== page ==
Which brings us to the other reason your content is weak. It’s weak because no one wants to read it. And no one wants to read it
because it doesn’t address any real, general human problem. For all
the bluster about hyper-local coverage and blogging in the last five years,
as someone who runs a city-specific social news site where people vote
for the stories they actually are interested in, it seems pretty clear
that most people don’t give a fig about what’s happening day in and
day out in their local elected bodies. That stuff matters a great deal
to other elected officials, people who do business with elected
officials, and the political/news nerds in your community, but that’s
it. 

If your local blog is focused on covering local government, it
should be a subscriber-only, paid newsletter that goes out to just
those people. It should only be a public blog if there’s mass interest
in the subject matter, which there just isn’t for a lot of the stories
showing up on hyper-local blogs. If your content lacks a point of view
and is centered around things that the general public isn’t interested
in, it will fail.

#4. You haven’t thought through your business model

Let’s assume you figured all this stuff out. Now how are you going to
make money? Ads, you say? Okay, great. Have you answered these
questions?

 -What kind of ads? Banners? Text links?  Sponsored posts? Real-time ads?  

 -Who’s going to sell them?

 -How are they going to sell them?

 -What are you going to charge? 

 -Who are you going to sell them to? 

 -What’s the value proposition of buying your ads over someone else’s?

 -How many ads do you need to sell to cover your costs?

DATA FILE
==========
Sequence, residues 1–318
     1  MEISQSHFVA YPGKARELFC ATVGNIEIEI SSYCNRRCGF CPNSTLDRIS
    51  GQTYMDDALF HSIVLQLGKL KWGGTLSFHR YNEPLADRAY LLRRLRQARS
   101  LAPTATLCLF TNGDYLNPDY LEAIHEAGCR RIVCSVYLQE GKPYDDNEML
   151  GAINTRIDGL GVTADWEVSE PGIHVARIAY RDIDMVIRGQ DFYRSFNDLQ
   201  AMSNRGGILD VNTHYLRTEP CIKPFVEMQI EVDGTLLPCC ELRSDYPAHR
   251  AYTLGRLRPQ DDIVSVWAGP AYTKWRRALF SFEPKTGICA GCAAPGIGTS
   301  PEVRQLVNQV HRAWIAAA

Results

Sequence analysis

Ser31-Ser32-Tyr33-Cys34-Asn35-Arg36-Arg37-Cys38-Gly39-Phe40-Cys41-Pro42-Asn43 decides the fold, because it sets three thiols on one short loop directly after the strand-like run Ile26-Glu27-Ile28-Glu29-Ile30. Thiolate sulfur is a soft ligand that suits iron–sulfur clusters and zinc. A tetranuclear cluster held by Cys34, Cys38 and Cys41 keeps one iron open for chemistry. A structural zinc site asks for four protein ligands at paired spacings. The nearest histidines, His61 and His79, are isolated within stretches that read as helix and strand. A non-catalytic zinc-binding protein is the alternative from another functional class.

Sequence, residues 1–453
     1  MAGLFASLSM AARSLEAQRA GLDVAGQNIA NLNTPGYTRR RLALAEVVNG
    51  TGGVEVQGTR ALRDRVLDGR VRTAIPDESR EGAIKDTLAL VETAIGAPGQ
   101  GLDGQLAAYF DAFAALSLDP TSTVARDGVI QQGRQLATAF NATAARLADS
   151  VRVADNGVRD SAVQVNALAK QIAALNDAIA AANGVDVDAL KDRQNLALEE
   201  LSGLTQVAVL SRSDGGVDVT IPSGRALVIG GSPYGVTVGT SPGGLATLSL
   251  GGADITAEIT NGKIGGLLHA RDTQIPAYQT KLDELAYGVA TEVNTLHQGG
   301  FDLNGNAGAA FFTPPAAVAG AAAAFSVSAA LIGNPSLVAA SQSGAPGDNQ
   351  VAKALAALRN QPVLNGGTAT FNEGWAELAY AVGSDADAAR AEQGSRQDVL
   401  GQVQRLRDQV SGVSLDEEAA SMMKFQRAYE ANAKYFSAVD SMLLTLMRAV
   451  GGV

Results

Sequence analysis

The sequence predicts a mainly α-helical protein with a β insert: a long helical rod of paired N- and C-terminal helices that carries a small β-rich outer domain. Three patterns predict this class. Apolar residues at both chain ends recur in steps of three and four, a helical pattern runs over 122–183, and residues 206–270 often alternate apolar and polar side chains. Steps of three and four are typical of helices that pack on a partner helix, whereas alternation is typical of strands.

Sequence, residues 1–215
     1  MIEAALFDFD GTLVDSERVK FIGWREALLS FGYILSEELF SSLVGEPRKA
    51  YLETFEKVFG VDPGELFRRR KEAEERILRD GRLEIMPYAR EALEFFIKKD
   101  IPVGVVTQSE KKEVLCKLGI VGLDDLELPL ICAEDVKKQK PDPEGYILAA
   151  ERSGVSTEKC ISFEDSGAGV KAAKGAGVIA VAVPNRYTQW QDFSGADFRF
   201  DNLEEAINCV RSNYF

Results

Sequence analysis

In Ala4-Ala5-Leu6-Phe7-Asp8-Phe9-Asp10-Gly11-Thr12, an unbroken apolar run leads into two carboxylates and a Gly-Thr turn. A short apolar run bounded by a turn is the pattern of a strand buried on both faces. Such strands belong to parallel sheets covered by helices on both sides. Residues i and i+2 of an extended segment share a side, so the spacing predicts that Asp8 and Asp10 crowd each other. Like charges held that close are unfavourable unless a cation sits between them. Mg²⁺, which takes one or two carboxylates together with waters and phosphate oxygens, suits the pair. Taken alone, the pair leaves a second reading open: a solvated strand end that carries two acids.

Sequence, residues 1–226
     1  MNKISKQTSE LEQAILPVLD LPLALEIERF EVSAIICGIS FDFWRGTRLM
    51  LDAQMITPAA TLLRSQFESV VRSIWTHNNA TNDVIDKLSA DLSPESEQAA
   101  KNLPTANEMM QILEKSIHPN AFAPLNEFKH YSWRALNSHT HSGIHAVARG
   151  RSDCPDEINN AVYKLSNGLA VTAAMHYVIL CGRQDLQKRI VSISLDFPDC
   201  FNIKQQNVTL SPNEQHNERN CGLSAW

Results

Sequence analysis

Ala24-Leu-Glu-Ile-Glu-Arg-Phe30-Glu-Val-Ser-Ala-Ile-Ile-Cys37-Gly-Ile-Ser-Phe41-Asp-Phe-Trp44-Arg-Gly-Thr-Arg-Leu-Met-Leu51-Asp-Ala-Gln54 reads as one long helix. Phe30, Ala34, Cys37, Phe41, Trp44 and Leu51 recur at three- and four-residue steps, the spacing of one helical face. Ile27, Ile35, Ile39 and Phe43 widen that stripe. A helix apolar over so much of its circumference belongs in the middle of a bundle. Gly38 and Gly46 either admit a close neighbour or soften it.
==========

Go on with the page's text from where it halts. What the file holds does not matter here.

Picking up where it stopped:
-What the heck are your costs?

Until you answer these questions and more like them, your blog will make no money and it will fail.

#5. You have no distribution strategy

Finally, your local blog is going to fail because you can’t
distribute it to enough people. If your local blog is ad-supported,
then your ads are your product and your content is a marketing tool
created to bring people to look at your ads. In order for you to sell
ads, you need to have people coming to look at them. You need
eyeballs on your blog. How will you get them? 

Twitter and Facebook are good but not great answers here. Both can
drive significant traffic but require a lot of work on your end. Also, their purposes are at odds with yours. Facebook and Twitter are
your competitors. They sell ads to the same people you probably want
to sell ads to. They would be perfectly happy if you didn’t start a
blog at all and just started a Twitter/Facebook account and posted your
content there. If you are a local blogger, Facebook and Twitter, not
your local paper, are your biggest threats. Why should someone visit
your blog when they can read your headlines alongside other
neighborhood headlines over there? They are useful but can’t be your main tools.

Search could be a win for you, but have you devised a search engine optimization strategy?

Partnering with established sites could produce regular traffic and
great visibility, but have you had formal conversations with other
publishers about that? These things don’t just happen.   Unless you
have a formal, structured plan for how people are going to find you and
see your ads on a regular basis, your local blog will fail.

Conclusion

In the end, the main mistake is looking at it wrong. You are not starting a blog, you are
launching a small business. You are no different from the guy opening a bar up the road. You are both starting small, local businesses. You need to know something about blogging
and social media, yes, but what you really need to bone up on is what
it takes to run a small business. Instead of going to the local
blogger meetups in your city, you should go to the local small business
owner and entrepreneur meetups. Instead of following the latest
social media news, you need to read up on the latest advertising,
marketing, and search strategies showing results for actual media
entrepreneurs in the field. This is the main mistake local bloggers make that dooms their efforts.

But if you can avoid this and the other five listed above, you’ll have a chance to start something that will sustain you and have a real impact on your community. That’s a special thing. 

There are opportunities out there for local blogs, they just need to be considered and approached with the right frame of mind. 

Thanks to tracysamantha</a>, <a href="http://twitter.com/kiyoshimartinez">kiyoshimartinez, and @annatarkov for reading drafts of this.